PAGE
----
How office food culture can contribute to a flat-hierarchy

How office food culture can contribute to a flat-hierarchy

Alex Jones, Head of Talent at Just Eat for Business, explains why shared meals can level the playing field in a new era of office dynamics. Long b

Alex Jones, Head of Talent at Just Eat for Business, explains why shared meals can level the playing field in a new era of office dynamics.

Long before the days of lockdowns and pandemics, the office lunchtime consisted of long queues outside coffee shops and chaotic scrambling to the communal microwave. Then, as we all know, Covid-19 hit and such rituals were replaced with endless banana breads and Friday night fake-aways.

Tech giants and market leaders were ahead of the trend and had already adopted a strong office food culture. Take WeWork’s beer tap or Google’s endless snack selection as examples – these companies had an early understanding of how refreshments can bring people together. Our own Just Eat for Business study confirms this hypothesis, with 81% agreeing they are more likely to accept a job offer if the company provides free food as a work perk.

As we edge into a post-pandemic era, company leaders have a prime opportunity to adjust their office philosophy and cultivate a unified culture defined by equality and collaboration.

 

Goodbye hierarchy

The transition to home-working saw the traditional office barriers broken down as we peered into one another’s homes during Zoom calls. Businesses looking to sustain an open structure can look to office gatherings centred around food to ensure its employees are fulfilled and a sense of togetherness is felt by all.

Indeed, the food itself often isn’t the main attraction. We’re not talking about Michelin stars here, just an opportunity for people to gather and form connections around something that feels personal. After all, food was a pivotal force for many during lockdown.

A 2020 report reiterated the benefits of a flatter hierarchy, “speed, flexibility, productivity, and empowerment.” The value that each of these factors bring to the profitability of a business is huge, and the idea that something as simple as a shared meal can be a driving force behind change is a wonderful concept.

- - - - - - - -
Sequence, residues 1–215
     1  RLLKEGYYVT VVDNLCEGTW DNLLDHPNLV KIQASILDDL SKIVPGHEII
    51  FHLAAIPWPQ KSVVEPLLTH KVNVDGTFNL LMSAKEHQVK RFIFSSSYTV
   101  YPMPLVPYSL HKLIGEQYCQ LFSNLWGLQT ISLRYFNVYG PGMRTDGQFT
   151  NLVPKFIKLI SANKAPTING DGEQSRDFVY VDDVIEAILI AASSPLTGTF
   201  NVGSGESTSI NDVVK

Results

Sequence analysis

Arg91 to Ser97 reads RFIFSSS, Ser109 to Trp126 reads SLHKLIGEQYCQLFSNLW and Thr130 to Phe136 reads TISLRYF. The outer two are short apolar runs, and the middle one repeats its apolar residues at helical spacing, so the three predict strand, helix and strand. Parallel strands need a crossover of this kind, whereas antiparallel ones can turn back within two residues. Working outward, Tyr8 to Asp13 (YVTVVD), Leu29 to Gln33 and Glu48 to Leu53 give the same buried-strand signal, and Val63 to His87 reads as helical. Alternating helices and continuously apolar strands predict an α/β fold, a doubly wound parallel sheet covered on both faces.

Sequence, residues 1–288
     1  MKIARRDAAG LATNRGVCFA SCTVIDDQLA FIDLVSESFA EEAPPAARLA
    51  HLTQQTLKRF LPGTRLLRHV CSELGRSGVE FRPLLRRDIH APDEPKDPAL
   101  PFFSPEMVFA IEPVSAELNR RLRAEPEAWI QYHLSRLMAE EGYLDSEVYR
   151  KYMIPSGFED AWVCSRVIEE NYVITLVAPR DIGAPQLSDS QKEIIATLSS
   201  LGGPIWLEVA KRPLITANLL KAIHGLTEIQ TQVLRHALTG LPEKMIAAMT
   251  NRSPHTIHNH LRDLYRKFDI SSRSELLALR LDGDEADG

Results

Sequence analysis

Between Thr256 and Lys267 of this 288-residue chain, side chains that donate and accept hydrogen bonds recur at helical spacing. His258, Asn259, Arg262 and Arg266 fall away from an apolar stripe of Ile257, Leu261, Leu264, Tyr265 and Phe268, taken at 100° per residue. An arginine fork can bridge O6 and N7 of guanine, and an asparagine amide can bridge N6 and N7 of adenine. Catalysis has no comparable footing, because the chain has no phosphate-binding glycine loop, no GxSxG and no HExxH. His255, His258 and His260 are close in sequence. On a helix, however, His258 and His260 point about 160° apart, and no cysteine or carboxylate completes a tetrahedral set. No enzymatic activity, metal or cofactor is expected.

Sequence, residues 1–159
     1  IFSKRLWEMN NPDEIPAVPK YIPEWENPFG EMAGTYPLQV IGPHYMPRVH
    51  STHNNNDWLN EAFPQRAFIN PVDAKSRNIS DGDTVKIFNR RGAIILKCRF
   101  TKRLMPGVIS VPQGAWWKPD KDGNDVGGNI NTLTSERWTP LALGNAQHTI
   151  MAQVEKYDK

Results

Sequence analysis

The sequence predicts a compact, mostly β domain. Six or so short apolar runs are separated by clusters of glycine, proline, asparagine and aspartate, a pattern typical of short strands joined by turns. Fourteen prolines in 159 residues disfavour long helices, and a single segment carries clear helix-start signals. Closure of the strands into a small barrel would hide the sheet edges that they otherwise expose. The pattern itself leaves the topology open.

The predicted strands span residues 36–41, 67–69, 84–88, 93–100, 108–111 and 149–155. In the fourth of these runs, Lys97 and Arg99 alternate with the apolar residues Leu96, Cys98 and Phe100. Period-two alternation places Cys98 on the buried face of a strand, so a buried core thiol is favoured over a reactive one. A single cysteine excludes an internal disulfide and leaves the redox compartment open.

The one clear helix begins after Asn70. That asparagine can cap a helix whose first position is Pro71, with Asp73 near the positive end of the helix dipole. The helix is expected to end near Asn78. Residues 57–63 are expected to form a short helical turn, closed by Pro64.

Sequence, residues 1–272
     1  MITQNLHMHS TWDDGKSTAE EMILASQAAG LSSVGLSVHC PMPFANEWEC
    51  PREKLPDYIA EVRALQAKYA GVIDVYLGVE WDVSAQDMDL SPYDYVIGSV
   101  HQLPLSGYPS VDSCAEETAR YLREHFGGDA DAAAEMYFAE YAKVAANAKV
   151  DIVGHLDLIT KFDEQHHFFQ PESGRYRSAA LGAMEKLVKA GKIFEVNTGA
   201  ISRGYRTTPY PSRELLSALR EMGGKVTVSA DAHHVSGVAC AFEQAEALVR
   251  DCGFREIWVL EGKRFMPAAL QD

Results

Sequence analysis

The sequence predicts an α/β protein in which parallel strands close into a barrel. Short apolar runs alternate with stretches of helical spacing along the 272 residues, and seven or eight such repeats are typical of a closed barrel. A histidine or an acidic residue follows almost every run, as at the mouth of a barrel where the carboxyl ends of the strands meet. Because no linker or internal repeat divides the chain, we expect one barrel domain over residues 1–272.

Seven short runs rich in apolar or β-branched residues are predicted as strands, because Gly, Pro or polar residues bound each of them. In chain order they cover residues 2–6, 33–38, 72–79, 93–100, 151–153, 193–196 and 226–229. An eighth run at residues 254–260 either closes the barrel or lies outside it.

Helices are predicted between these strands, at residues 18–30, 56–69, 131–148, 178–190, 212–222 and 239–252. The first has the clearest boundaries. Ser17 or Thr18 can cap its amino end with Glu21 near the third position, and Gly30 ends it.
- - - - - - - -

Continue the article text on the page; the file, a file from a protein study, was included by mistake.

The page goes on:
Hello mental wellness

A heightened emphasis on the importance of nurturing mental health has been another important take-away from the pandemic. 60% of respondents in a study said they were spending more time on self-care in the wake of the Coronavirus outbreak.

For many, the pandemic forced a slower pace of life and inspired ideas of how we can incorporate flexibility into our working lives. This is highlighted in a report by the Harvard Business Review that found that 96% of white-collared professionals say they need flexibility.

To succeed in the readjustment period, business leaders need to provide an authentic plan of action to incorporate wellbeing into the workplace and support their employees as they venture back into the office. Again, using meal-times as an opportunity to create a unified eating experience is a great way to do this.

 

A unified hybrid office culture

It is estimated that within two years, more than two in five employers (41 per cent) will have adopted a hybrid working model. This can be seen as a response to the high demand amongst workers for flexibility within the workplace. However, according to our own Just Eat for Business study, 2 out of 3 employees believe eating lunch together as a team develops a great work culture, showing an evident want to resume at least a level of pre-pandemic behaviour.

Simultaneous food delivery to office and remote workers can help fix this disparity. This is a unified eating experience acting as an equaliser by restoring communication within teams and creating a sense of equality amongst employees.

 

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